Each chakra has its own characteristic set of vibrations which draw a person’s conscious attention. This attention is invariably directed or pushed outward to the external world because of the strong centrifugal force of kundalini as it spirals along the vertical axis. For instance if there is a certain vibration at the solar plexus or third spinal chakra hunger is experienced, and attention is directed towards getting food. But rarely do people ever turn inward to examine the sensations and energy flows of the body (and even psyche) to understand the vibrations of the third chakra. All of humanity’s varied activity can be understood in terms of the vibrations of the chakras and kundalini’s passage. Yet with our constant externalization of attention to the outside world we think the explanations will be found out there.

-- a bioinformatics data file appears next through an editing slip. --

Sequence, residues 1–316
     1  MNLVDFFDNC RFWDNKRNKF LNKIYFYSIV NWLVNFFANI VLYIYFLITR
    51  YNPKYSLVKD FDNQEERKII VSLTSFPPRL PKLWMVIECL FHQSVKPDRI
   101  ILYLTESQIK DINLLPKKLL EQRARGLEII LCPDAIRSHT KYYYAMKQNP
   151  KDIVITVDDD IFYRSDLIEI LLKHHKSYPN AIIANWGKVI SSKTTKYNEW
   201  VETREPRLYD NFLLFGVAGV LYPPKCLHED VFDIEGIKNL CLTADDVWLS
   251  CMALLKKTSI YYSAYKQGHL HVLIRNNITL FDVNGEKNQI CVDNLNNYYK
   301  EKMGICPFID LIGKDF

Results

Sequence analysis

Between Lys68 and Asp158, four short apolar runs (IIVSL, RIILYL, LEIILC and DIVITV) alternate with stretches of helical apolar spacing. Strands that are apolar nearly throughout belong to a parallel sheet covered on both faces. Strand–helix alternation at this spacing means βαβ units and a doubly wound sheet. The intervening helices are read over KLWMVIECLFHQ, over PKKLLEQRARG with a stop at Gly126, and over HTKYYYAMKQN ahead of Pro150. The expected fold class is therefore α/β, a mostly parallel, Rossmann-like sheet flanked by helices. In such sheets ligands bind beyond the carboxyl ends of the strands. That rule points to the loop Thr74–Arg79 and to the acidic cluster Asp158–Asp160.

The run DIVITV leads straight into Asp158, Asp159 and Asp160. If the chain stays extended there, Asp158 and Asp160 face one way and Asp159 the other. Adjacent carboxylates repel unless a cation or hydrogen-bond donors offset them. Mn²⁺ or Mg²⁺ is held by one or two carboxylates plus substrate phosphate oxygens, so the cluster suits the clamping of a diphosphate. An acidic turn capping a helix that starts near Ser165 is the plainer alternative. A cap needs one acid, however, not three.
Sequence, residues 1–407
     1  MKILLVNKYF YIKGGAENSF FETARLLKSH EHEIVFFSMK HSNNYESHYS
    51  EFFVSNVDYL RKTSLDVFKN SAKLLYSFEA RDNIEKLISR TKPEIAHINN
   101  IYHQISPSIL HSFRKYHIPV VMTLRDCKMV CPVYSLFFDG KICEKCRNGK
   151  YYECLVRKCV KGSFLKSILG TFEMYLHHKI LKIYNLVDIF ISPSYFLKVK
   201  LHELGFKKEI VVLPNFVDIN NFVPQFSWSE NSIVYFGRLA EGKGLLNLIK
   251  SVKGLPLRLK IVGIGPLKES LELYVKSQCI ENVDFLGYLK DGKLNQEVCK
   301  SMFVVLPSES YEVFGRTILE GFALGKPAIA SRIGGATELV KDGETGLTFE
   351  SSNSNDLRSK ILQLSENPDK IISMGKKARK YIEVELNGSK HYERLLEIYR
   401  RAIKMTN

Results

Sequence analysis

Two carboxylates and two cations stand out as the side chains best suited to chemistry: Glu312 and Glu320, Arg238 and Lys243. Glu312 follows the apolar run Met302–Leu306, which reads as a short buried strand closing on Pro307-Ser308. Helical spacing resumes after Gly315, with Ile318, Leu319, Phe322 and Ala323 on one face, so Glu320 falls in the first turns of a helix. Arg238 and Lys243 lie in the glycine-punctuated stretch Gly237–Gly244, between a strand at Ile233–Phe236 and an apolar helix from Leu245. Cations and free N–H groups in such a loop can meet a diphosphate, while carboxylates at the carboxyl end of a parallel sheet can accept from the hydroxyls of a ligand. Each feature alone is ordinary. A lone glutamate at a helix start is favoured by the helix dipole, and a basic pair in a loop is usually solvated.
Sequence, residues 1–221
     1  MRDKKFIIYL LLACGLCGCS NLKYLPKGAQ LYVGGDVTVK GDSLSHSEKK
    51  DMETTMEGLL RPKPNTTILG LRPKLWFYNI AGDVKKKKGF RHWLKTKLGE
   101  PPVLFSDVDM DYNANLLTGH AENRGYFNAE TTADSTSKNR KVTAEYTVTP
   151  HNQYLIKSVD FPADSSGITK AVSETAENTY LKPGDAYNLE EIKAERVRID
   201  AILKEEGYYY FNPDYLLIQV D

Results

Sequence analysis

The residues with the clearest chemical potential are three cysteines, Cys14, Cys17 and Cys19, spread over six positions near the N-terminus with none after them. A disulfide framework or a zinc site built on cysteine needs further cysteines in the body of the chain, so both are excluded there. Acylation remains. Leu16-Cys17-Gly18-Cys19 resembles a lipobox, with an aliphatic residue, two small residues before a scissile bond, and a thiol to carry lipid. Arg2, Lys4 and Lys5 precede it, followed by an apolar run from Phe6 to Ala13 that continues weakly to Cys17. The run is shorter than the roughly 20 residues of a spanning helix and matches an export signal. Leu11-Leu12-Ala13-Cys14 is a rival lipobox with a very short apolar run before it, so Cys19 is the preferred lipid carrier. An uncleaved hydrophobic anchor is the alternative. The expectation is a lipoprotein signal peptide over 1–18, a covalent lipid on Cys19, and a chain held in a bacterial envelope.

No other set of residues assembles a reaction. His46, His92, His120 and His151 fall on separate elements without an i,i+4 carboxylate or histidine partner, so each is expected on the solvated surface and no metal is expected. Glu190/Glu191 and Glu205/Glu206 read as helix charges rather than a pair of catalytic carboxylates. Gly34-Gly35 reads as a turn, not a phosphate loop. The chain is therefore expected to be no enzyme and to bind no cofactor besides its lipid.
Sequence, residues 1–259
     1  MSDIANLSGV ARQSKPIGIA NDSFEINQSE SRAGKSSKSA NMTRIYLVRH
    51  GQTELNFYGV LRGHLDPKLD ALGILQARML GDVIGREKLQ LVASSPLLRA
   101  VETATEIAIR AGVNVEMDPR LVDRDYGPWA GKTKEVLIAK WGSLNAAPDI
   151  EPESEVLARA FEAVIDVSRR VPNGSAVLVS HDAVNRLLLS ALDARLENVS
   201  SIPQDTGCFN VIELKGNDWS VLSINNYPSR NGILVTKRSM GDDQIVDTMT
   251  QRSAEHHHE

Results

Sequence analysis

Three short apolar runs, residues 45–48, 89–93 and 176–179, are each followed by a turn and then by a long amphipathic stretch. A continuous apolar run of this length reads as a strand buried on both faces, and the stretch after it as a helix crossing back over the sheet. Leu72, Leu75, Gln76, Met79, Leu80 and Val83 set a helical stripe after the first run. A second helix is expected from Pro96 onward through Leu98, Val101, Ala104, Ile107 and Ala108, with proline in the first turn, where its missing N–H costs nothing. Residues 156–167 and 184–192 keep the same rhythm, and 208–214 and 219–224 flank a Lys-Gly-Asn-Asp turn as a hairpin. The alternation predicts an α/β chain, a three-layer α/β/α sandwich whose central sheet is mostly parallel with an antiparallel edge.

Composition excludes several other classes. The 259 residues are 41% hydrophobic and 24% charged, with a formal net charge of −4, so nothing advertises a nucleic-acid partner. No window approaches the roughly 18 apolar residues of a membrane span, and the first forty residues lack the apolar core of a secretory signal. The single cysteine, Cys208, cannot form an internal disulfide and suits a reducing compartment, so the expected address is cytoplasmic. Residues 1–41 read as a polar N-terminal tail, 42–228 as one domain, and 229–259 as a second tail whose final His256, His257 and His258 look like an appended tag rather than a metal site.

To say that kundalini explains everything in our lives means that our consciousness, our attention is explained. The external world (cosmos) exists whether humans are here or not, but we only know of the external world through our kundalini driven consciousness. We are good at presuming that we can know the external world “in its own terms,” but this false. Science does an excellent job of explaining the external world in terms of a human sense perceptual framework that has been set to the lowest common denominator. But science is not “out there.” Science is one more aspect of kundalini driven consciousness. It is based on intellectual vibrations mostly of the fifth spinal chakra that are very efficacious for interacting with the external world. All of our other perspectives are likewise driven by kundalini.